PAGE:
by John and Gail Murphy

group on trekking The baby was an amazing addition. Local folks have seen the odd white trekker but never a white baby.

Thankfully there were donkeys to carry our luggage. The trekking was rough… quite flat but very stony. I was very glad to have packed my serious hiking boots.

The land is arable but the primary crop is rocks. They are used to terrace the fields, but still there are so many that plowing looks impossible.

We walked 5-6 hours each day and stayed in huts built and maintained by local villagers who also prepared our meals…injera with wat (stew) or lentils, chick peas.

When we weren’t ogling the view over the edge of the escarpment at +2600 m, we were watching the local people farm this rugged landscape by hand. It was harvest season. Grain is cut handful by handful with a small scythe, stacked carefully so that the grains are in the middle and the cattle and donkeys won’t get to them too quickly.

Threshing is done by using cattle, and horses driven in a pivoting circle to trample the grain off the stalks. John noticed that to reduce contamination the guy driving the animals must do a quick turd catch so that it doesn’t land among the stalks.

Winnowing is done by two guys who lift the stalks up into the wind to blow the chaff away. Grinding is done in a large wooden mortar with a log as a pestle. It is very labour intensive work.

The local people live in smoke filled huts that accommodate them and their livestock so they are toasty warm…I wonder if the meat tastes smoky?

We flew back to Addis and I promptly got VERY sick. The local doctor diagnosed amoebic dysentery and prescribed powerful bug killing drugs. We ordered up a double set as we figured John was probably right behind me. We both slept the next 24 hours away.

Thank God we were on an individual tour which could be adjusted by our wonderful organizer, Eskinder, at Highway Tours.

Then off to the Omo Valley, always wondering where the next toilet stop might be! Omo Valley is home to a large number of tribal groups who live very traditionally.

The Hamer women, many dressed in skimpy goatskins who rub their short little dreadlocks with ochre to give a reddish tinge.

The Konso ladies with their multicolored skirts. The Banna boys who decorate their bodies, even their penises, with white paint and jump about in athletic dance moves.

The Dorze weavers who depend so completely on the false banana trees for their food and building materials. They make their tall houses to last 80 years, just getting shorter and shorter as the termites eat the bottoms of them.

The Mursi women who cut and then stretch their lower lips to fit larger and larger lip plates…only wish they would wear the lip plates all the time because the default setting is without and is decidedly unattractive. Here it was a fashion show beyond belief as women begged and argued and flaunted themselves to earn the photo fee.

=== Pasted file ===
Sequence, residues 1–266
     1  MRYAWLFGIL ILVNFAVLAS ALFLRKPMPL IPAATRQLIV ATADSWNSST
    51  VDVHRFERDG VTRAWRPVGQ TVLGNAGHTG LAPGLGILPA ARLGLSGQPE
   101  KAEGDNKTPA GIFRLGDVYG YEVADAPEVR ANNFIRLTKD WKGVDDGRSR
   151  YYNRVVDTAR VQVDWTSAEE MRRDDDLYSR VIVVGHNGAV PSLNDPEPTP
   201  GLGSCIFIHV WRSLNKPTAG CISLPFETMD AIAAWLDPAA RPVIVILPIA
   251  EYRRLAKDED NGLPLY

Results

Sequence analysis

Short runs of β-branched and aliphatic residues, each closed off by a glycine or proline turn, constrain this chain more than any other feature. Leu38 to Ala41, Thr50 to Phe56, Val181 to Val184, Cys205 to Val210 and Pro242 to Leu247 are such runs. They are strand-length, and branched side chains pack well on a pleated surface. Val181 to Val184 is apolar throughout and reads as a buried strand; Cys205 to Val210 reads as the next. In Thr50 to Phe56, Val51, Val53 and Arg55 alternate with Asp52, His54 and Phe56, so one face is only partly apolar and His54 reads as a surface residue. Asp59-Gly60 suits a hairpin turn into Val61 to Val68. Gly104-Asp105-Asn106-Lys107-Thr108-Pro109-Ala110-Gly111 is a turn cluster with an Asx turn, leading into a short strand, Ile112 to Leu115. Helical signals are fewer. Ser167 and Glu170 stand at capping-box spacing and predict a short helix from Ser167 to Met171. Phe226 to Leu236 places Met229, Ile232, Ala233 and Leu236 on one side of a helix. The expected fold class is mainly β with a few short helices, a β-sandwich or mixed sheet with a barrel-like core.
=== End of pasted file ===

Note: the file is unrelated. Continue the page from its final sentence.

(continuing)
Tourism is having a negative affect on these people. Children beg for empty water bottle by yelling out the brand name “Highland”. If you didn’t know, you would think it was the Amharic greeting.

We had a rest day at Lake Awasa which was actually Christmas Day, at least on our calendar. We did some strolling along the water’s edge and bird watching a bit. The best part was the unspoilt atmosphere where we could walk without being targeted for sales or scams.

A nice hotel in this spot with a view of the lake and vervet monkeys playing in the treetops and rooftops. Throughout our tour the various rooms were billed as “best available” but some communities are not into tourist options so services ranged from bleak to fantastic.

Onward to the east of Addis to visit Harar, an old walled city with an Arabic flavour, a Muslim enclave dotted with tiny mosques.  It is cleaned nightly by packs of hyenas!!

The hyenas are fed nightly in a public place where tourists show up and watch the daring Hyena man with their car headlights as he feeds them by hand. We saw 10 adults at one of two feeding sites. Then the hyenas cruise the streets looking for garbage.

Then we headed back to Addis for a city tour and the two museums we wanted to see. The ethnographic collection at the University is fantastic and gave us an excellent review of the tribal groups.

The National Museum holds the remains of some of the oldest of our ancestors including Lucy, a tiny proto-human some 3 million years old. They are presently working on a couple of finds that predate her by quite a bit…the cradle of human life.

We really appreciated the service we got from Highway Tours. We were met at every stop; the local guides and drivers were excellent; the program at every site was well-planned. The flexibility when we were sick and needed a doctor and a pharmacy and a day chopped out of the plan were admirable.

Ethiopian Airlines got us safely back to Kenya and we moved through the airport in record time! We shopped a little knowing that our cupboard was bare at home and then headed to Soysambu Conservancy and the Mweha Lodge on the property of Lord Delamere not far from Greensteds.

Here with several of our colleagues we occupied 7 of their 10 rooms and welcomed in 2010. Champagne flowed. It was a lovely end to the holiday.

We’ve been back to work for a week now.

Wishing you the best for 2010!
Gail and John

Eskinder Hailu - Manager, Highway Tours

Eskinder Hailu
Turning Your Dream Vacation Into a Reality


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